“You’re so clever!” According to a new study from the University of Georgia, this encouraging response may actually do more harm than good to children’s math performance.
The study, co-conducted by Michael Barger, an assistant professor in the Department of Educational Psychology at Mary Frances Early College of Education, discovered that encouraging children with responses related to their personal traits or innate abilities may dampen their math motivation and achievement over time.
Person responses are used by parents who link their children’s performance to personal attributes such as intelligence (e.g., “You’re so smart” or “Math just isn’t your thing”). Process responses are used by parents who link their children’s actions, such as effort or strategy use, to their performance (e.g., “You worked hard” or “What might be useful next time you have a math test?”).
“Person-focused praise sounds good on its face, but ultimately, it might undermine students’ motivation if they run into challenges,” said Barger. “Because if you run into challenges after being told you’re so smart, you might think, ‘Maybe they were wrong.’ We also know that people tend to think about math as something that some people can do and others can’t, and that language is pretty common, whether it’s among parents or teachers, even with young kids.”
Person-focused praise sounds good on its face, but ultimately, it might undermine students’ motivation if they run into challenges. Because if you run into challenges after being told you’re so smart, you might think, ‘Maybe they were wrong.’ We also know that people tend to think about math as something that some people can do and others can’t, and that language is pretty common, whether it’s among parents or teachers, even with young kids.Michael Barger
Praising strategy and effort
Researchers asked over 500 parents to report on how they respond to their children’s math performance, as well as their math beliefs and goals, for the study. Students’ math motivation and achievement were assessed in two waves over the course of a year.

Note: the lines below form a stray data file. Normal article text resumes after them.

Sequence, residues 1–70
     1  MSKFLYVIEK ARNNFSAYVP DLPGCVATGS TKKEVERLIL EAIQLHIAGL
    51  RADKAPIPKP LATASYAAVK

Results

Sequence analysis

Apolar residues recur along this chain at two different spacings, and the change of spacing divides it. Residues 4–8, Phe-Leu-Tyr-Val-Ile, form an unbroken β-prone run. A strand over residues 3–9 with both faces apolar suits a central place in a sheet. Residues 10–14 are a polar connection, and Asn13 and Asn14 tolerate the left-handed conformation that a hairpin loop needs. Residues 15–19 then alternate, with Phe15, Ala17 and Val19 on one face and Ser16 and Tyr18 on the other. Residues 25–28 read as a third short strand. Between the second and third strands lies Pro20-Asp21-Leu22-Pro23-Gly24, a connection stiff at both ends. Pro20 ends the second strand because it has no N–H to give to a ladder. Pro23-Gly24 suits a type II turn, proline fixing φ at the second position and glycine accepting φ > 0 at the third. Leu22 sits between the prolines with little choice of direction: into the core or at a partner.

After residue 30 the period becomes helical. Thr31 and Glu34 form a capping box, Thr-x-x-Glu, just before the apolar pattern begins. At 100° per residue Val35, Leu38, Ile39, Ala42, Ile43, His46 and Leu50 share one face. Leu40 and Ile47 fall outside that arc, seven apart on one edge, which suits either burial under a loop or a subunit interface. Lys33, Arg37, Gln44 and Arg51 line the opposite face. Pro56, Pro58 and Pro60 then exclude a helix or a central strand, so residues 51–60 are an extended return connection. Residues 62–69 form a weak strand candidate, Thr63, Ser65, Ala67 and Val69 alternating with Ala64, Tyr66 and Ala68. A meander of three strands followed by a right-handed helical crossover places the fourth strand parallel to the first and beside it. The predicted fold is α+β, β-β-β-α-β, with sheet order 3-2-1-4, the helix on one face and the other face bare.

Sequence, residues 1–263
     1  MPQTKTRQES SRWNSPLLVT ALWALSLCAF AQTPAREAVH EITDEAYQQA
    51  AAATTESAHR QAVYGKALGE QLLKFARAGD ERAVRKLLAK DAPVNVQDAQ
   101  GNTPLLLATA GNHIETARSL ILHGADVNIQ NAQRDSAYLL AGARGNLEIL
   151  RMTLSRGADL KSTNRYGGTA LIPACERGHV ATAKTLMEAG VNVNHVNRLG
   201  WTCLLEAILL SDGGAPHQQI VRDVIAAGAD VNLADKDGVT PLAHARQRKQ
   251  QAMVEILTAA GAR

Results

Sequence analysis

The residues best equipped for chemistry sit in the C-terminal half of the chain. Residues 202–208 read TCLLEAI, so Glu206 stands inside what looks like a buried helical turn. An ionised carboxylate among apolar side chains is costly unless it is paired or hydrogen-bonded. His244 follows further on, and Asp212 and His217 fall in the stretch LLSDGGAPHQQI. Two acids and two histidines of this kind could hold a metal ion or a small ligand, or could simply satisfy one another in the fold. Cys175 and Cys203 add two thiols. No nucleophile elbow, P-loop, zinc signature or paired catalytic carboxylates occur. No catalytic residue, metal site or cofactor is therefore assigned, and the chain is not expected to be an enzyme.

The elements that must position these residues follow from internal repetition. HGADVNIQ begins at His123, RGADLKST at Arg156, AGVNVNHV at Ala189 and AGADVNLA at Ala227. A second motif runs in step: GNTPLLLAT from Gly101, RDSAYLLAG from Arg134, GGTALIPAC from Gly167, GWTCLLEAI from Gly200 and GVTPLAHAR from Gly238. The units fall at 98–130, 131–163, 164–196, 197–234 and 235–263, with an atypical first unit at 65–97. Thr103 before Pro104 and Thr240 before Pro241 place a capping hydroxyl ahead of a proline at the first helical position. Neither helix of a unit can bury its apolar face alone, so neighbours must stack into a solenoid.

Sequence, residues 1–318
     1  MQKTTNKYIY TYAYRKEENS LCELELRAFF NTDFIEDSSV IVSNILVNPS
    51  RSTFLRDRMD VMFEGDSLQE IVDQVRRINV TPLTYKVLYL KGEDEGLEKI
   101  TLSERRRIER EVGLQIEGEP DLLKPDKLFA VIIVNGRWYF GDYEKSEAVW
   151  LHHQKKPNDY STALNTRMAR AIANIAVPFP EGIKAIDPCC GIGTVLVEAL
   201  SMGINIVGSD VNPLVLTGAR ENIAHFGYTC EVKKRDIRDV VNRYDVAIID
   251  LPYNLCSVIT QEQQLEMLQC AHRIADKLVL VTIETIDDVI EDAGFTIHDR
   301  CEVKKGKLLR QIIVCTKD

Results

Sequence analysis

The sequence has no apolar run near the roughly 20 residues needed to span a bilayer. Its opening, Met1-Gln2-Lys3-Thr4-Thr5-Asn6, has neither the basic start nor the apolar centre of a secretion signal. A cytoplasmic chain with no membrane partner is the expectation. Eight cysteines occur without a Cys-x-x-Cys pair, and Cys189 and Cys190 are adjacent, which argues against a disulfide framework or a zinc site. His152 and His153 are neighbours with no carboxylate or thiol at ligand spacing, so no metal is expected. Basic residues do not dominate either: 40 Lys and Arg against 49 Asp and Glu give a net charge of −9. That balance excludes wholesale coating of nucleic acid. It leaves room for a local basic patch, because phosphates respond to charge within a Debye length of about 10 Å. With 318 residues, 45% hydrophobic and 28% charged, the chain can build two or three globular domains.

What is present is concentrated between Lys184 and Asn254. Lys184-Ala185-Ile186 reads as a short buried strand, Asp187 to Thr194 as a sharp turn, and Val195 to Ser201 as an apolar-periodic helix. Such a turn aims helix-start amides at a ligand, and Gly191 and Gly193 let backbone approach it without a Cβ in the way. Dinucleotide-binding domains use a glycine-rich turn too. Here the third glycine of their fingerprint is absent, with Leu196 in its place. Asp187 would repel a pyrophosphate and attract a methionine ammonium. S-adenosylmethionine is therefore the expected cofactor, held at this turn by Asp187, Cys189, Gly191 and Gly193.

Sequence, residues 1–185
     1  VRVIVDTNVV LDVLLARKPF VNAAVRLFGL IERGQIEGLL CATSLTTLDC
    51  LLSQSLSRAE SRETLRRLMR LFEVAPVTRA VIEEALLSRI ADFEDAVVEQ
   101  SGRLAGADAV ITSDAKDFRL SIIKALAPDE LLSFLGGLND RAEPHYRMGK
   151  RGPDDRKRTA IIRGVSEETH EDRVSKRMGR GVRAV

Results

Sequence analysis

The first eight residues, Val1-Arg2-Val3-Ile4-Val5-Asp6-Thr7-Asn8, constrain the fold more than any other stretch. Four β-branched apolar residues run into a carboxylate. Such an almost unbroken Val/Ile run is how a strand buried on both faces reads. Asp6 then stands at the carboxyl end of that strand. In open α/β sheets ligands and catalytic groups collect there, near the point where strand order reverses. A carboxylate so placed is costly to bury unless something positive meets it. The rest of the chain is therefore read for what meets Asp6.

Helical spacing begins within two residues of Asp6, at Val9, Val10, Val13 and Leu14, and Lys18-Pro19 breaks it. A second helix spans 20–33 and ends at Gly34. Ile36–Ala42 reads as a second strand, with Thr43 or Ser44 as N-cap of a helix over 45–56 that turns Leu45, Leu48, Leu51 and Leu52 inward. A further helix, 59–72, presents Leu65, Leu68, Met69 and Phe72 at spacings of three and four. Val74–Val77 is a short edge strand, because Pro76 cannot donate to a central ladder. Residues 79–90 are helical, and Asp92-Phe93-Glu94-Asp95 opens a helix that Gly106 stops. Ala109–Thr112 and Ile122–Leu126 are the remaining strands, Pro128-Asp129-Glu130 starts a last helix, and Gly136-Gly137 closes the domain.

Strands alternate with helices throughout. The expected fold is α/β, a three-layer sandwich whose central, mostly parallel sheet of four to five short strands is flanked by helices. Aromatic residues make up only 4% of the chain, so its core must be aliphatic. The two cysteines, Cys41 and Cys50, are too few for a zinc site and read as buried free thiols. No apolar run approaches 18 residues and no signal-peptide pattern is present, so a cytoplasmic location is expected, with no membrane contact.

The findings revealed that parents who thought their children’s math ability was malleable were more likely to give process responses that focused on their children’s strategy use and efforts rather than their intelligence or other personal characteristics.
Parents who believe that math ability is unchangeable and that math failure cannot be constructive provided more person-centered responses. Parents who have high expectations for their children gave a mix of the two responses.
While responses highlighting strategy and effort were not related to any achievement outcomes, children who received more responses about their personal traits – in particular, related to failure – were more likely to avoid harder math problems, exhibited higher levels of math anxiety, and scored lower on a math achievement test.
“There are a couple possible reasons process messages aren’t necessarily improving math achievement,” said Barger. “It could be that they’re just so frequent now that they just kind of wash over, and that doesn’t have as much of an impact. And it could also be that some of these messages don’t land correctly if they’re not authentic. However, with person responses, we saw clear links to anxiety and less preference for challenging math problems.”
A boost to math motivation
Researchers recommend limiting this type of response at home and in the classroom because it predicts poor math adjustment in children over time.
“There’s not necessarily any benefit to discussing whether people are or are not math people because if you’re a student and you start struggling, you’ll start thinking that maybe you’re not a math person,” said Barger.
The second piece of advice for parents is to consider their own beliefs and goals for their children and consider how these may lead them to respond in person or process ways. Simply telling parents not to discuss their children’s math abilities may not be enough.
Instead, convincing parents that their children’s math performance can improve can go a long way. Many parents encourage their children by praising their individual characteristics, but focusing less on how students perform and more on their strategy and enjoyment of math may be a more effective way to boost motivation.
This includes responses such as “Why do you think that happened?” or “Did you have fun?” rather than “You’re so smart” or “Math just isn’t your thing.”
“We should also ask whether parents believe math ability can change and whether they see failure as an opportunity to learn, as this appears to be related to lower person responses,” said Barger. “This is more effective than just giving a checklist of things to say.”